Four Year Strong - Rise or Die Trying
Record Label: I Surrender Records
Release Date: September 18, 2007
Listening to Four Year Strong makes me tired.
You might think that's a negative thing to say about a band. In this case however, it's a compliment. I get tired because I imagine all the mosh pits, gang choruses, and synchronized hand claps that a Four Year Strong show must be full of. In my mind, I'm in the pit screaming with the best of them. It's exhilarating.
Four Year Strong have blended hardcore and pop-punk beautifully with their debut album, Rise or Die Trying. Beginning with slowly building sirens on "The Take Over," and exploding to life with "Prepare to be Digitally Manipulated," this album is a half hour of pounding adrenaline.
Songs like "Heroes Get Remembered, Legends Never Die" and "Men Are from Mars, Women Are from Hell" use the double bass generously to great effect. The songs are driven by the drumbeats, and the squealing guitars are merely added emphasis.
Lyrically, the band is reminiscent of Fall Out Boy circa Take This to Your Grave. The best example of this is probably in "If He's Here, Who's Runnin' Hell?"
Take it or leave me behind / because you know that you never did care at all / my poor ears have had it / you're coming in static / Tuned out across the board / like a million times before / you're living it up now / just wait until it goes down
The similarity to Fall Out Boy doesn’t stop there – so many of the guitar riffs and vocal hooks recall pre-From Under the Cork Tree Fall Out Boy. Pete Wentz always claims to be influenced by Lifetime – Four Year Strong sound like a perfect mash up of the two bands.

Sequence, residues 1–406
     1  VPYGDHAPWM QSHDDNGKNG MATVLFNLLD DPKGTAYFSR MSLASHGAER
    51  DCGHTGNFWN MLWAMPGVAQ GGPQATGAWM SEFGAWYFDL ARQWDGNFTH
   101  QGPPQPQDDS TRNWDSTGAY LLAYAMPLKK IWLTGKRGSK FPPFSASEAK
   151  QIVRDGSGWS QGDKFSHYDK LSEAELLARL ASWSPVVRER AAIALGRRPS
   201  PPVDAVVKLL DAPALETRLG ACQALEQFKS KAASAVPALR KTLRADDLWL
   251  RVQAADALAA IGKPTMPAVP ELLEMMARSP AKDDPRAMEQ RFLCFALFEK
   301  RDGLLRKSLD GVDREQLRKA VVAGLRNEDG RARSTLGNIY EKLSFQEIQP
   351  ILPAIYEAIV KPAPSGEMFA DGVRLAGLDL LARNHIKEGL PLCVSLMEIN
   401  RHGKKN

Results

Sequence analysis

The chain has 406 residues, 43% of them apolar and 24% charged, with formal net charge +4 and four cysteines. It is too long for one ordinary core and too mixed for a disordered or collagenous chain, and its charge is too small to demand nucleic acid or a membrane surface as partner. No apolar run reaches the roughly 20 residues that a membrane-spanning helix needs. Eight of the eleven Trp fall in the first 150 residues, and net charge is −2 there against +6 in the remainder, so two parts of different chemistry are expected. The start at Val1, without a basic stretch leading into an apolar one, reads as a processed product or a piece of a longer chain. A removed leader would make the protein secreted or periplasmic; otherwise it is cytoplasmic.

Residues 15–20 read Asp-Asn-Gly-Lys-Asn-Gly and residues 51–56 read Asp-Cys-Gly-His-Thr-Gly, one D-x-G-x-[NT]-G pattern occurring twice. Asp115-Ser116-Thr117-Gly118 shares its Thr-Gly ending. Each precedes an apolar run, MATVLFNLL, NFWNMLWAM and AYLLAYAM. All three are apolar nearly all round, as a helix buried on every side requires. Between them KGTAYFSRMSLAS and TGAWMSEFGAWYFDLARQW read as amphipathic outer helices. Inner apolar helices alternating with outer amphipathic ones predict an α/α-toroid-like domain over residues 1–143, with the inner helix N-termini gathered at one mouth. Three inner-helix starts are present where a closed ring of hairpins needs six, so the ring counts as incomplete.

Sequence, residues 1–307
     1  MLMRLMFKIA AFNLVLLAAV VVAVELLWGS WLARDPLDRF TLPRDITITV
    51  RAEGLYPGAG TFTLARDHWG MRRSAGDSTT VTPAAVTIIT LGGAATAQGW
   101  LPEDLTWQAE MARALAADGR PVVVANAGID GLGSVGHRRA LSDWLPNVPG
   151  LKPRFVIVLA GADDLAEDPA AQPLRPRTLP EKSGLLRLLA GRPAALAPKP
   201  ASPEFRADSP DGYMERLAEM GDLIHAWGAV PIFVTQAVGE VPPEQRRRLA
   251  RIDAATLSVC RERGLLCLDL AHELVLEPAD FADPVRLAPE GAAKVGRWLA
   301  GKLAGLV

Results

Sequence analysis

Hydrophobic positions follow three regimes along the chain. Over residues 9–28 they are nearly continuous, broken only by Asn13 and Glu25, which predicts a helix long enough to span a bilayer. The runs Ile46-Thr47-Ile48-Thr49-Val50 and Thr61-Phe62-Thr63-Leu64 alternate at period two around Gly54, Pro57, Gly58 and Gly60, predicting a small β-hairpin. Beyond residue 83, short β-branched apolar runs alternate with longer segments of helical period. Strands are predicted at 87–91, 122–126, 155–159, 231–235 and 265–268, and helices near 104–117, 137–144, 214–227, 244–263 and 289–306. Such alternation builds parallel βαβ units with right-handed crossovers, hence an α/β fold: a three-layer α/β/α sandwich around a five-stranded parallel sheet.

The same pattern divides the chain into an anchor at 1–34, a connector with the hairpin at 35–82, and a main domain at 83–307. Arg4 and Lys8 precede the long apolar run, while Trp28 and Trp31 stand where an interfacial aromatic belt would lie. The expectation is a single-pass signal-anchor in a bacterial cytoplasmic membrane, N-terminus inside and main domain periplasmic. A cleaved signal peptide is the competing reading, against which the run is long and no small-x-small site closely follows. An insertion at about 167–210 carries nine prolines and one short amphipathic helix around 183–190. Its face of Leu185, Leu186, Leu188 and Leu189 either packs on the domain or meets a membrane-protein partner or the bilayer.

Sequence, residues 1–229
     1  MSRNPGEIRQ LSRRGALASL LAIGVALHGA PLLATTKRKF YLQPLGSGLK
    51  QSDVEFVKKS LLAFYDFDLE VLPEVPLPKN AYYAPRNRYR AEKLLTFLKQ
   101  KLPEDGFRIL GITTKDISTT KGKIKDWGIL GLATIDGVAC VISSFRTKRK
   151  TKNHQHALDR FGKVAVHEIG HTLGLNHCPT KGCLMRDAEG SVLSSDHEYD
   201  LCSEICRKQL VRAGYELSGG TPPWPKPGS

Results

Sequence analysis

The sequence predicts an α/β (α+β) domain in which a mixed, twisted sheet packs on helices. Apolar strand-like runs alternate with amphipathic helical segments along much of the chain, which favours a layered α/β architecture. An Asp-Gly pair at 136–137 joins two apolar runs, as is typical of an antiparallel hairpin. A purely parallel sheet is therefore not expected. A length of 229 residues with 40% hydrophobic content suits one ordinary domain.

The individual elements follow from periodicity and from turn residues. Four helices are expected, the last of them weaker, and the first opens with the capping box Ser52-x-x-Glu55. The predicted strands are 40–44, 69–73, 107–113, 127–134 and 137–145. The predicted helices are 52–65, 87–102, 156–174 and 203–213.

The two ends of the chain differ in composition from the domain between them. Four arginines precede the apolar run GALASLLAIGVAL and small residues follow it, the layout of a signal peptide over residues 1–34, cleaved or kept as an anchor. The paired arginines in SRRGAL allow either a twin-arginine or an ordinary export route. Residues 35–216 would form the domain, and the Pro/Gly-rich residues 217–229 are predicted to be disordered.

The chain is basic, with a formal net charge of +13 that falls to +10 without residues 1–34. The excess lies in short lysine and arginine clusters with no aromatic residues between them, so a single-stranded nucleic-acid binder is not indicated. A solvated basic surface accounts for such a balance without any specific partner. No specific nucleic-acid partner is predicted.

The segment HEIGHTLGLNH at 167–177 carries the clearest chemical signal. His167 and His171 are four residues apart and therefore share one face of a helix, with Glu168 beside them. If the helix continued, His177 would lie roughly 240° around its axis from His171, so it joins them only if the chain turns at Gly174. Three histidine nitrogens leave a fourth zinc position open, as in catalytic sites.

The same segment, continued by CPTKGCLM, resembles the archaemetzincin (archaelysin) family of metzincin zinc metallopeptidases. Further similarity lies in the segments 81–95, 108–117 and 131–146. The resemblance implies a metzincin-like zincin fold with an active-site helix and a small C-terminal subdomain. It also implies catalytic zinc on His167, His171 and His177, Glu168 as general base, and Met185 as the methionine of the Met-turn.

The album never pauses, not even for a second. The slowest song is "Catastrophe," and even on that song, the band has only taken the speed down about half a notch. If Cartel were to suddenly start listening to a lot of Set Your Goals, they might sound like this song. Though this track slows things down a bit, Four Year Strong dive right back into the thick of it in the next few songs.
The only criticism I have of this album is there is very little variation between the songs. If you're not listening to the lyrics, the never ending breakdowns and gang vocals tend to blur together. It's clear that Four Year Strong have found a formula that works for them, and they're going to stick to it very closely. I hope that they can find a way to vary their sound more in future releases, before they run this formula into the ground.
I can imagine this album turning up in a lot of end of the year lists. And I can also imagine that a lot of other people will let Four Year Strong become their new guilty pleasure. As for me, I can't wait to catch the band on tour and finally get to take part in those mosh pits and hand claps.